Miles Davis – “Someday My Prince Will Come” (1961): Miles proves that music from Disney films can be hip and enchanting in the jazz context. This album also includes tunes written for particular people in the trumpeter’s life. The title cut features gorgeous twists and turns from an all-star ensemble of musicians including saxophonist John Coltrane and pianist Wynton Kelly.

John Coltrane – “Ballads” (1963): Arguably, the greatest album of all ballads ever recorded. I recommend all eight tracks, but if opener “Say It (Over and Over Again)” doesn’t pull you in, you may be lacking a pulse.

Duke Ellington – “Money Jungle” (1963): For those of you looking for something upbeat and driving, combined with much solace and reflection, this album features three giants in jazz together in a trio setting for the first time. Charles Mingus on bass and Max Roach on drums perform Ellington tunes with the Duke himself. Word on the street is that the recording environment was tense, if not downright hostile. Either way, this makes for some ferociously good music. “Fleurette Africaine (African Flower)” and “Solitude” blossom here with fresh, spontaneous arrangements throughout.

Paul Bley – “Closer” (1966): Much of pioneering, free-jazz pianist Paul Bley’s material consists of tunes written by his one-time wife Carla Bley. The lyricism and musical freedom on this album is extraordinary. Carla’s “Ida Lupino” is a gorgeous tune that opens “Closer.”

Rahsaan Roland Kirk – “Now Please Don’t You Cry Beautiful Edith” (1967): Kirk is known for his highly spirited, humorous and hard-swinging performances, often displaying his uncanny ability on multiple reed instruments simultaneously. Kirk took a musical detour for this album, written for his wife. Blues, show-tunes, hard swingers, a ballad and a few oddities adorn the recording. The title track is a buried gem in the jazz world.

Bill Frisell – “Bill Frisell/Ron Carter/Paul Motian” (2005): Guitarist Frisell is an adored figure among both musicians and listeners. His organic music exudes curiosity, innocence, originality, emotional stability, longing and hope. Here, Frisell gets an opportunity to play with a couple of his heroes in jazz, and the results are superb. With “You Are My Sunshine,” he turns one of the most popular songs in American music into an exploration of melody and improvisation. But the whole album is an ambient treat.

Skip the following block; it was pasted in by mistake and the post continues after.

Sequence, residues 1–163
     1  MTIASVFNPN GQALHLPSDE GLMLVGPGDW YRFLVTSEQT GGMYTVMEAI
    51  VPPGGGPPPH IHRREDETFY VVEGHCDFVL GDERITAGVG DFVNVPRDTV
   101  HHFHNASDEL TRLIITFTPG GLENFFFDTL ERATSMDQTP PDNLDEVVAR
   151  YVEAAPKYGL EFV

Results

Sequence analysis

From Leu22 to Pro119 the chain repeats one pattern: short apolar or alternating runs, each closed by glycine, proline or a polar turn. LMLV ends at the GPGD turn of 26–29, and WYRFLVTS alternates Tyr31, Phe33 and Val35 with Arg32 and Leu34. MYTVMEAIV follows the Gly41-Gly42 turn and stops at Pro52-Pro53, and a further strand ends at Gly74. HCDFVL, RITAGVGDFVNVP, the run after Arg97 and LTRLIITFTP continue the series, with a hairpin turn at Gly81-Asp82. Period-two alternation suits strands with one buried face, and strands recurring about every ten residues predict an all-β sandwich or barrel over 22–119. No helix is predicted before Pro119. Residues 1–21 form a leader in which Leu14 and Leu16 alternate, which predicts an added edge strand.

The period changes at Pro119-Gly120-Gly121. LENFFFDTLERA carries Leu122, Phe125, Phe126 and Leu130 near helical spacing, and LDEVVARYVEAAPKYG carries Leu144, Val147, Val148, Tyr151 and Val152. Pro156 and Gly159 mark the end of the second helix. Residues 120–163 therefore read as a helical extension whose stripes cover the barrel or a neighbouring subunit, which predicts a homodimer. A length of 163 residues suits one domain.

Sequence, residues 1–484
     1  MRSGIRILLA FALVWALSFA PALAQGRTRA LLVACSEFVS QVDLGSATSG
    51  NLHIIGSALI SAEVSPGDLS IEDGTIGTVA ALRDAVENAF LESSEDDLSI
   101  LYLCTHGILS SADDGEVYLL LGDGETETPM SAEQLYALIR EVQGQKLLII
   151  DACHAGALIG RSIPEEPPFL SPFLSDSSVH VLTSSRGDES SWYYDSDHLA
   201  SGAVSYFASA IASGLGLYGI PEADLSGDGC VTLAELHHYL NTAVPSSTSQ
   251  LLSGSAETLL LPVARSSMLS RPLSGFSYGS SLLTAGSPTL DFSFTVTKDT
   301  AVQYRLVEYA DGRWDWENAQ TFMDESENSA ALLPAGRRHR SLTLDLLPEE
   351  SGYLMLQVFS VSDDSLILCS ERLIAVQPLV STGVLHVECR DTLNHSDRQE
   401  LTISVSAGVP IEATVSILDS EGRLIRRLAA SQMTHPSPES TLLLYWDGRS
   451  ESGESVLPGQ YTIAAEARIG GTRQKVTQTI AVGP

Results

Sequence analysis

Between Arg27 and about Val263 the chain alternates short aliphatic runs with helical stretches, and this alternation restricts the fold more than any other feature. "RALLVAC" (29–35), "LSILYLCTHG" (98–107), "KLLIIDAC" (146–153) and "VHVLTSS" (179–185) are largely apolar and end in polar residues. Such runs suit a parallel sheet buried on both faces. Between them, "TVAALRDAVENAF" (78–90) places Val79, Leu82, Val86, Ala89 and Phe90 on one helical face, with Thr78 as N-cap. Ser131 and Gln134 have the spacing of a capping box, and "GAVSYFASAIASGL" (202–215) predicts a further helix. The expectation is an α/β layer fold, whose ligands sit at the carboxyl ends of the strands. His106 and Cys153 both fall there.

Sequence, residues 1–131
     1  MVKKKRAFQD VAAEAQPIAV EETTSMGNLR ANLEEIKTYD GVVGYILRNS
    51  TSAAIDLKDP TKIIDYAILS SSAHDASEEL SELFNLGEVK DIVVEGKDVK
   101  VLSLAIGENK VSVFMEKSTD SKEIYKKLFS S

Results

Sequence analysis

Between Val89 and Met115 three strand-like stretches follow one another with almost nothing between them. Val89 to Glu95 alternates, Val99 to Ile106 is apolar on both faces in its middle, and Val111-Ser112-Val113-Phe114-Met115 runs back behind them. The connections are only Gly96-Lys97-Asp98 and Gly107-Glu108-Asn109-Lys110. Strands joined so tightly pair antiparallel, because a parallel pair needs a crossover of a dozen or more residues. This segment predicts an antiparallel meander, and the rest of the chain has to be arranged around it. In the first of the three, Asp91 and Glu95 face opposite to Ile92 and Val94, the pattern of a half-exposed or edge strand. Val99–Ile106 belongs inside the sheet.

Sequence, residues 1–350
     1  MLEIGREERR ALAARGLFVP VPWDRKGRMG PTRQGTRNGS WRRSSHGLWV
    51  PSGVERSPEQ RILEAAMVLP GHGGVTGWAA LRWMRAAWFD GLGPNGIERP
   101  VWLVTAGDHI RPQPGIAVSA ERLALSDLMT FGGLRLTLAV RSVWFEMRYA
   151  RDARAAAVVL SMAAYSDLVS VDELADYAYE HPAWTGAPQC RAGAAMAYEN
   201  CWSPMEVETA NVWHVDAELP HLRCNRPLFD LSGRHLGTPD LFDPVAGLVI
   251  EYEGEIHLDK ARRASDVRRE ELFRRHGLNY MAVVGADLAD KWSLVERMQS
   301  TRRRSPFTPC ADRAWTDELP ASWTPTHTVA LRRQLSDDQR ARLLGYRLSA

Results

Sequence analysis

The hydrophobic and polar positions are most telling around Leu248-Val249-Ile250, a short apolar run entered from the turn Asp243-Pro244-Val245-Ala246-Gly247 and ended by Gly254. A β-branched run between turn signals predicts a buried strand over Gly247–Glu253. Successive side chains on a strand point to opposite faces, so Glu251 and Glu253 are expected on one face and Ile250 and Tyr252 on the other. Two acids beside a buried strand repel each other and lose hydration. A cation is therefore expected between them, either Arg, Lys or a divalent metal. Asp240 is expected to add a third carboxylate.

Anat Cohen –Notes from the Village” (2008): On clarinetist Anat Cohen’s fourth release as a leader, she brings us a soulful, heartfelt rendition of Sam Cooke’s 1964 civil rights anthem “A Change Is Gonna Come.” One year before this recording, Cooke’s song was selected for preservation in the Library of Congress, with the National Recording Registry deeming the song “culturally, historically or aesthetically important.” Cohen does the song justice on a recording that showed a promising career for her in jazz.

Kamasi Washington – “Harmony of Difference EP” (2017): In words and music, saxophonist and bandleader Kamasi Washington embodies spirituality and unity among all races of people. His positive and forward-thinking compositions seem to be designed for individuals of varied tastes and preferences. Recent releases include multiple volumes of tracks compiled in epic proportions, but this EP is a great place to start. Check out the 13-plus-minute track “Truth” for an example of the upward and dramatic musical direction he takes with an ensemble of horns, layered strings and a vocal choir featuring Patrice Quinn.

Shabaka and the Ancestors – “We Are Sent Here By History” (2020): London-based saxophonist and bandleader Shabaka Hutchings’ new release on Impulse Records is a powerful, meditative balance of darkness and light. Replete with recitations, meditations and percussive instrumental, Hutchings’ latest is a plea for perseverance and human understanding from start to finish.

Photo credit: Genevieve Humphreys

READ A BOOK

(list provided by Victoria Aarons, professor of English)

More specifically, read a graphic novel.

Margaret Atwood and Renee Nault, “The Handmaid’s Tale”
Emil Ferris, “My Favorite Thing is Monsters”
Ari Folman and David Polonsky, “Waltz with Bashir”
Miriam Katin, “We Are On Our Own”
Nora Krug, “Belonging: A German Reckons with History and Home”
Amy Kurzweil, “Flying Couch”
Martin Lemelman, “Mendel’s Daughter”
Sarah Lightman, “The Book of Sarah”
Rutu Modan, “Exit Wounds”
Josh Neufeld, “A.D.: New Orleans After the Deluge”
Marjane Satrapi, “Persepolis: The Story of a Childhood”
Joann Sfar, “The Rabbi’s Cat”
Art Spiegelman, “Breakdowns”
Art Spiegelman, “In the Shadow of No Towers”
Art Spiegelman, “Maus”
Shaun Tan, “The Arrival”

Have other ideas of things to do or hobbies to pick up? Tell us what you’ve been up to! Email trinitonian@trinity.edu.

Editorial Board